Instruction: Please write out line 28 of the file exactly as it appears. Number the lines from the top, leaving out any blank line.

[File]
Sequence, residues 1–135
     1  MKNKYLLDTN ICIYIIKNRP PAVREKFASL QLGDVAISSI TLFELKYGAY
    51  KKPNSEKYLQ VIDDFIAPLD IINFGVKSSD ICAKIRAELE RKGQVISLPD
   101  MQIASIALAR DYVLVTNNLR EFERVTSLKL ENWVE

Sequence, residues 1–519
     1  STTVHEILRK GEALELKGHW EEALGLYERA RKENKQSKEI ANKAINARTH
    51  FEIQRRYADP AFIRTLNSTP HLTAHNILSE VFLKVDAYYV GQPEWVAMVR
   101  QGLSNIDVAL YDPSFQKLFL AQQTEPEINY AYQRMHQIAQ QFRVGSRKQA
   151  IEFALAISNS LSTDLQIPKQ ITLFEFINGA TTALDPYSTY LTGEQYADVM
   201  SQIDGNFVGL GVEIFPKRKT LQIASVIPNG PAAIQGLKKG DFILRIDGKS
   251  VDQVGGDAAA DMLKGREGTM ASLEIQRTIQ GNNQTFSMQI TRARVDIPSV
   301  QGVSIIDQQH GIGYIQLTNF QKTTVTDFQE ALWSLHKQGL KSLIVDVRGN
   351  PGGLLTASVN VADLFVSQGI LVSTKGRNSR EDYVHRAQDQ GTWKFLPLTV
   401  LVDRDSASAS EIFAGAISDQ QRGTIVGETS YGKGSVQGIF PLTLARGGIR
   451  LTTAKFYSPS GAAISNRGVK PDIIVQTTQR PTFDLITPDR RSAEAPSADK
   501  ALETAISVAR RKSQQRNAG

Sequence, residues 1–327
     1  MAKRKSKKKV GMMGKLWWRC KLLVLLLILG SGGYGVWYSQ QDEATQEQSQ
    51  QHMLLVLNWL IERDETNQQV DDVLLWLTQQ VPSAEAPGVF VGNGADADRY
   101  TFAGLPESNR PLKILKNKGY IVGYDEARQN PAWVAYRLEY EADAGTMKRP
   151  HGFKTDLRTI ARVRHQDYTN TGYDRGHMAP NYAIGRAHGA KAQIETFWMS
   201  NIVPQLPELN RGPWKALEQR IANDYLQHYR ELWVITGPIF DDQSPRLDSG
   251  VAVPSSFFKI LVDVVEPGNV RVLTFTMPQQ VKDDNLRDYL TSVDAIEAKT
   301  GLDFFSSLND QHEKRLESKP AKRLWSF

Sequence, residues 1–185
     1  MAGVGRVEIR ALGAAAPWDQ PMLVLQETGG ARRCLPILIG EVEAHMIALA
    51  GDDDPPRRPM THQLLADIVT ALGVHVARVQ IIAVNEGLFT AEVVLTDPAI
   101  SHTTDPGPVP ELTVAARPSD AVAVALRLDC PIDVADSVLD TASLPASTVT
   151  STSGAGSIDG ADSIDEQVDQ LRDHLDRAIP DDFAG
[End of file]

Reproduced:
   101  SHTTDPGPVP ELTVAARPSD AVAVALRLDC PIDVADSVLD TASLPASTVT